Monday, December 1, 2008

Anything mashed and fried in oil...

I have a confession to make: I try to turn most leftovers into a pancake. If it can be mashed up and tossed into some bread crumbs, I will pan fry it and declare it an "Olde World" specialty. When I ate eggs, I would even take leftover noodles, pour egg on them, griddle them up and tell Lance that I was making chinese food.

So, we had a ton of that puree from the last post. The puree was really good, with fragrant celery root and spicy black pepper, but we were getting tired of eating it straight, as if we were two 30 year old babies eating our blended food. Bleh. Enough was enough.

So, I took some of the puree and started experimenting. I added in a bit of flour and wheat gluten and mixed it with a fork until it started pulling together, but I made sure not to put in so much flour that it turned into raw dough...yuck.

I probably could've just thrown them on the cast iron pan right then, but I thought a dusting of panko would add a good crisp. This turned out to be a superfluous step since I wasn't baking or deep frying these pancakes. Instead, the moisture in the pancake just absorbed the panko and I ended with a smooth cooked surface regardless.

But, yeah, a few tablespoons of melted Earth Balance and some cooking time later, we had nice little puree pancakes, with crispy outsides and warm, smooth insides. I topped mine with mango chutney from the fridge--total taste explosion! Lance opted to eat his plain, and enjoy the original flavors of celery root and fennel...he's such a purist. =)

So, am I the only one who makes pancakes out of leftovers? Anyone else? Anyone? ;)

Thursday, November 27, 2008

I'm Sorry, the Thanksgiving Edition

I've been bad! I haven't posted in forever.

What can I say? Life has been hectic. I've been doing a lot of vegan cooking, but it's been the "holy crap, it's 8 o clock! Throw a veggie burger in the microwave and I'll saute those baby carrots you were going to take for a snack tomorrow" kind.

However, my mom tapped me this year to make as many vegan dishes for Thanksgiving as we could, because we had a good number of veggie friends dropping by. So, here's my "I'm Sorry" in the tune of a long Thanksgiving post. =)

The vegan menu was vast, and I wish I had pictures of it all, but, in the end, we'll just all use our imaginations and get on with our lives.

The menu:

  • Roasted acorn squash with curried apple and cornbread stuffing

  • Lebanese green beans (green beans sauteed with onions and cumin)

  • Celery Root and Apple puree, which was amazing--adapted from this recipe from my muse, Ina Garten (Ina! Isa! Who's next? Ida?). Just use Earth Balance instead of butter and soy milk/creamer instead of cream.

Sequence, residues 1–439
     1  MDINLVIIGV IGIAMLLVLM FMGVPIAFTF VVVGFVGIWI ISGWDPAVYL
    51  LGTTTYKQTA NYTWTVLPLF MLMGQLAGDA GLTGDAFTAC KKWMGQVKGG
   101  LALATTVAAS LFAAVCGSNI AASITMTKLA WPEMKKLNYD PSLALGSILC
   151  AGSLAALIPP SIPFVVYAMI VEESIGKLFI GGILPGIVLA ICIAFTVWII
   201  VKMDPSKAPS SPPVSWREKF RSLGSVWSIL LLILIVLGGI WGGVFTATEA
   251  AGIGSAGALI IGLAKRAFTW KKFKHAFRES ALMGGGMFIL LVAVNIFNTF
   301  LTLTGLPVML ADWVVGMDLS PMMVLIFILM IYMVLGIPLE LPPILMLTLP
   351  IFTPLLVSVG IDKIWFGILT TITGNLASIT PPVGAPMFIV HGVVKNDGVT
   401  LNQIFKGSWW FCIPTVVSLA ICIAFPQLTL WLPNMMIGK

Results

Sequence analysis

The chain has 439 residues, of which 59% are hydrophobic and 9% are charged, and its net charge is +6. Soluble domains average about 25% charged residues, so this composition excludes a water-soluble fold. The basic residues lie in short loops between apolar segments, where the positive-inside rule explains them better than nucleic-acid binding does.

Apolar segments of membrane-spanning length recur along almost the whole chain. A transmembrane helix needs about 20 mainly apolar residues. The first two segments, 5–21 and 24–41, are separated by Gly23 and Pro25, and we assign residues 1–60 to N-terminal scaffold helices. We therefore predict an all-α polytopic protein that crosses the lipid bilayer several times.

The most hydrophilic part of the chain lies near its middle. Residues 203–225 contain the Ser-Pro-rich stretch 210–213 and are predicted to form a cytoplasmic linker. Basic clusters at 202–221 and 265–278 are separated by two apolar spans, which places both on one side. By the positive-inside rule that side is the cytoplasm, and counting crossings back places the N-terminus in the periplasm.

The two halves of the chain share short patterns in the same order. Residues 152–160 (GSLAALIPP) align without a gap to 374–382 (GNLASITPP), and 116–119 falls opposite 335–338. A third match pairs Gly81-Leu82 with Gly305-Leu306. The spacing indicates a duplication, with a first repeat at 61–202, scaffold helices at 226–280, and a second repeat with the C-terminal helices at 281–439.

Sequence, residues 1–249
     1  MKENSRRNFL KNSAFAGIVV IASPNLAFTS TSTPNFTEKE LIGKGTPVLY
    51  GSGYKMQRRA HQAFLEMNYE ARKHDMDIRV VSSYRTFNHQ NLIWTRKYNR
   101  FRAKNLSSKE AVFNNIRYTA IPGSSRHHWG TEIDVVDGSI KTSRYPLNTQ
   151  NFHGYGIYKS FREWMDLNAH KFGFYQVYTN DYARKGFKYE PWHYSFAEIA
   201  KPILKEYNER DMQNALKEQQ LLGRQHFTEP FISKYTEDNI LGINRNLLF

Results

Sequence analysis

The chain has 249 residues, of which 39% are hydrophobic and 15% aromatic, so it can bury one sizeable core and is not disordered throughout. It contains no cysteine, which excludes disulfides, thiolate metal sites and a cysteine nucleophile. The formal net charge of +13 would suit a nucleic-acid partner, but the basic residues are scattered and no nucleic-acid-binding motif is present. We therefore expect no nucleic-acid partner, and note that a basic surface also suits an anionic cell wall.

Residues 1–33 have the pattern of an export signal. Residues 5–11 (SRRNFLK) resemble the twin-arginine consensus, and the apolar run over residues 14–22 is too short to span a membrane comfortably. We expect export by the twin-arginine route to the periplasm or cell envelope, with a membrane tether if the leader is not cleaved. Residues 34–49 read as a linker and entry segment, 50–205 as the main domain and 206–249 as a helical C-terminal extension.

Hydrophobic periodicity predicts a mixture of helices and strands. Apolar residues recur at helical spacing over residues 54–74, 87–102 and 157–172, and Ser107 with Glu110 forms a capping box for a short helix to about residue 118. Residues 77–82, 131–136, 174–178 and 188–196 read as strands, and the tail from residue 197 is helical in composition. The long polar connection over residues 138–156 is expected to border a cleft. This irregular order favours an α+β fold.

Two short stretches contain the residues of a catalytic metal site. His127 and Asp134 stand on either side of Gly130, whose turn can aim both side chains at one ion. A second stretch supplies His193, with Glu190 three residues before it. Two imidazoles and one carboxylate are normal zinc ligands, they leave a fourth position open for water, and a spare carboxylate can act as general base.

• Mashed potatoes, of course

  • Layered salad, with PPK's easy mock egg salad on top instead of mayo dressing, and tempeh bacon instead of piggy

  • Quick Mushroomy Thanksgiving Gravy, which I made up on the spot

I'm not sure if the pies they made had butter in the crust, but all the non-vegans went and used agave instead of sugar this year, so you can't fault people for trying, can you? And we're talking about, like, 8 fruit pies.

Since I can still remember what I put in the gravy, I'll post the recipe right now before I forget. I'm sure it's like any other mushroom gravy, but I had fun making it on the spot and it tasted very Thanksgivingy.

Quick Mushroomy Thanksgiving Gravy

by Keith S.

2 cups rich vegetable broth (if you make your own, include carrots)
1/3 cup unbleached all-purpose flour
3 Tbsp vegan margarine
1/2 of a large red onion, or 1 small red onion, chopped finely
2 cups chopped mushrooms
1 tsp poultry seasoning (Penzeys is vegan and salt/msg free)
1 tsp thyme
A pinch of sage
2 cloves garlic, minced
1/3 cup white wine
Sea salt and pepper, to taste

In a separate bowl or cup, whisk the flour and vegetable broth together. Set aside.

Melt the vegan margarine in a saute pan over medium heat.

Add onions and cook for about 3 minutes, until they start to become soft.

Add mushrooms and saute until the mushrooms start to give up their moisture and reduce in size. If the mushrooms soak up all the margarine before giving up their moisture and you think they'll start to stick to the pan in a bad way, feel free to add another pat of margarine. No one is watching you, and non-vegan gravy is full of turkey fat, so you got a ways to go to ever hit that level of fattiness.

Add poultry seasoning, thyme, sage, and minced garlic and cook together for another minute or so. Pour in the wine. The mixture should bubble and the wine should start to evaporate and reduce. If it doesn't, turn the heat up a bit, but don't burn your mixture.